The firm adopted a radical change in direction following the resignation of former chief executive Andrew Moss in May, pleasing investors who felt the firm had become too bloated.
McFarlane, who has taken control on a temporary basis, swiftly set out plans to sell or close down around a quarter of its 58 business units, starting with the sale of a substantial stake in Dutch firm Delta Lloyd.
But his efforts come too late for this Thursday’s results, with a consensus forecast suggesting that first-half operating profits will be £1bn, down 10 per cent on the same period last year.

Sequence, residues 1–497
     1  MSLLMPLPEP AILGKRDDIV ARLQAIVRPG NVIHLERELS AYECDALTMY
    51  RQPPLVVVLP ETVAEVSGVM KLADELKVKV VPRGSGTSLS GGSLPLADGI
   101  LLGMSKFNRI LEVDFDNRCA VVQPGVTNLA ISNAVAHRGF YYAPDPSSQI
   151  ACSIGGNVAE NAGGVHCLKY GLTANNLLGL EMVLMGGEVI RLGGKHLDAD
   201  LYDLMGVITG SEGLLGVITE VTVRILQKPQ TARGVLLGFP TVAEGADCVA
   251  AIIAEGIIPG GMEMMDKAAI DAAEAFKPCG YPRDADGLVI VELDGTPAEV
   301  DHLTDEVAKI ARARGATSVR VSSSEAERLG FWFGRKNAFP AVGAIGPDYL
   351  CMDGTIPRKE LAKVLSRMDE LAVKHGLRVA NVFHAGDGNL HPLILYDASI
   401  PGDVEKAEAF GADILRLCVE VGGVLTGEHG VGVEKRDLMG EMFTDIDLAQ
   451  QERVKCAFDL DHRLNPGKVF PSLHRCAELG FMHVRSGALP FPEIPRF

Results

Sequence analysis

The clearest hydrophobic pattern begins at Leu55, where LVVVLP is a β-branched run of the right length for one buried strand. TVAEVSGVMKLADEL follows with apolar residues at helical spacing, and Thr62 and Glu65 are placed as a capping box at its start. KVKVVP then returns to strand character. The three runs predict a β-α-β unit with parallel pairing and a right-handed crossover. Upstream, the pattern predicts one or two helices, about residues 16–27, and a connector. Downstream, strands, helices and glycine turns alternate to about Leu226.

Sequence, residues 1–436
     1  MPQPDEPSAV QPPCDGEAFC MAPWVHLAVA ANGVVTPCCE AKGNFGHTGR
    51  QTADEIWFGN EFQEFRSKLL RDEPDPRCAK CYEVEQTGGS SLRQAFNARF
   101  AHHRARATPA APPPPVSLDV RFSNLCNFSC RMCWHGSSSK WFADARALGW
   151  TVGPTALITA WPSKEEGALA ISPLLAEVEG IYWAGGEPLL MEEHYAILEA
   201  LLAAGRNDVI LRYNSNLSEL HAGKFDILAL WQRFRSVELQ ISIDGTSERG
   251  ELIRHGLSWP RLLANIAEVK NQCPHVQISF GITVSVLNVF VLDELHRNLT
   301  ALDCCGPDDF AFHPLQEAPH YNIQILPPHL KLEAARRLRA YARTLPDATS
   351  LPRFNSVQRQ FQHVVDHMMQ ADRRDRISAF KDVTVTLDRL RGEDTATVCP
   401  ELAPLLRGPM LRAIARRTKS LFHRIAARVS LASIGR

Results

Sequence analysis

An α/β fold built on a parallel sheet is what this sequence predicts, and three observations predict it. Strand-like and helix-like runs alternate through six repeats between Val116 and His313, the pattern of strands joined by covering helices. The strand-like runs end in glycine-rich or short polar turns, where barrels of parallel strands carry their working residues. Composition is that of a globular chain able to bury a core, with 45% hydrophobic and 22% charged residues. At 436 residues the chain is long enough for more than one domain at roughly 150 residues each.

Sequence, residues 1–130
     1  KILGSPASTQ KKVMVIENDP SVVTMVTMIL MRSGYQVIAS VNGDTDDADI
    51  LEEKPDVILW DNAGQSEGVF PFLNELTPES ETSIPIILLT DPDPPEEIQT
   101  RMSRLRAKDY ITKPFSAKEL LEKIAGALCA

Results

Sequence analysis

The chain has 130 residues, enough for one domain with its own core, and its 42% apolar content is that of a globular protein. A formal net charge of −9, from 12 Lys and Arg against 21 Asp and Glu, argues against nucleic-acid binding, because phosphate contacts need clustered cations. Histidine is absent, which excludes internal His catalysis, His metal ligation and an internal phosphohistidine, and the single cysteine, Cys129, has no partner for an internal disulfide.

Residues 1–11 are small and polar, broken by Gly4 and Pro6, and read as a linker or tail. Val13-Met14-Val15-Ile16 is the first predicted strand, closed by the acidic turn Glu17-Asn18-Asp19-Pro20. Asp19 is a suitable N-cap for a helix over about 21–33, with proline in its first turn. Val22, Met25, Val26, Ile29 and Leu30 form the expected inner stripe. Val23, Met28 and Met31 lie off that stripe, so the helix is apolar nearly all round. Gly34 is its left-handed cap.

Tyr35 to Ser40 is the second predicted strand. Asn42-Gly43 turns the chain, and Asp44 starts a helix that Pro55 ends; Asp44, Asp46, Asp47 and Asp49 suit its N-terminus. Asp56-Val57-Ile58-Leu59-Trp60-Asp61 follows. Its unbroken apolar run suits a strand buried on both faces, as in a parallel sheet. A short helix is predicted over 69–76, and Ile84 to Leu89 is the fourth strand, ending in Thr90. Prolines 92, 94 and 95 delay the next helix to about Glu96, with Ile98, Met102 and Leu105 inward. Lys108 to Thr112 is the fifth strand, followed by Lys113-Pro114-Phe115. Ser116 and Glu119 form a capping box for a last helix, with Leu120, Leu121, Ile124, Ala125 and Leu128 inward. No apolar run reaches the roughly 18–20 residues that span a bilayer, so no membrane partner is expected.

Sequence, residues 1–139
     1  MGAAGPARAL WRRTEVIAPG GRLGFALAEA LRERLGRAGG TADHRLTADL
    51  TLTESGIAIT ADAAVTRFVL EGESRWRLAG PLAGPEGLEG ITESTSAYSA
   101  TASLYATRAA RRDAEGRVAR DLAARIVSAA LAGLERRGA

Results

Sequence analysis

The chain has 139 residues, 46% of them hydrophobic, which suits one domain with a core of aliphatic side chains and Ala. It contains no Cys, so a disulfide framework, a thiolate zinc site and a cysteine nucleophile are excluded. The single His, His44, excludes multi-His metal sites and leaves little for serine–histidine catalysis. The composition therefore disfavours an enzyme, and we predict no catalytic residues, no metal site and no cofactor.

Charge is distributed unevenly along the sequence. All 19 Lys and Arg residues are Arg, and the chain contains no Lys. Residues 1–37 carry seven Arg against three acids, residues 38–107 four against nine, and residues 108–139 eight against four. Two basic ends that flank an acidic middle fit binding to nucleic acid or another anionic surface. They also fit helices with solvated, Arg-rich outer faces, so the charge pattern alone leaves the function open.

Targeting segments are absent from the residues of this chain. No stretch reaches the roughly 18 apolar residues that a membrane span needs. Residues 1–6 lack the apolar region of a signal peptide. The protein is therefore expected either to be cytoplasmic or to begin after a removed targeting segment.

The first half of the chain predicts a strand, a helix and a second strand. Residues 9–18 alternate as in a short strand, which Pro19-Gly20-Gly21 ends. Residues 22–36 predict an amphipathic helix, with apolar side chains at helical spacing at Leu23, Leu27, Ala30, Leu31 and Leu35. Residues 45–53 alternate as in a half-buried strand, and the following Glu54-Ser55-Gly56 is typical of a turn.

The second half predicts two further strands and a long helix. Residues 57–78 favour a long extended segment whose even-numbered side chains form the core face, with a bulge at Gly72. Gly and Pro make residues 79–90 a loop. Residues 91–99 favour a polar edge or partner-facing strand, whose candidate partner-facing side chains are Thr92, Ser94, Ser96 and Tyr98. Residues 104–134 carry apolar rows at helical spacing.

Analyst Kevin Ryan at Investec said the firm is on the up, with the Delta Lloyd sale a “clear sign that the company is determined to change its shape, becoming slimmer and more competitive in its chosen markets”.
“As Aviva’s disposal programme gathers momentum, we expect the shares to re-rate,” he added.
On Thursday investors will expect more detail on the businesses lined up for sale, particularly Aviva’s troublesome US unit, which consumes a substantial amount of capital.
Meanwhile rival insurer Prudential is expected to announce much improved half-year results on Friday, with forecasts predicting a seven per cent increase in operating profits to £1.1bn, largely thanks to growth at its Asian business.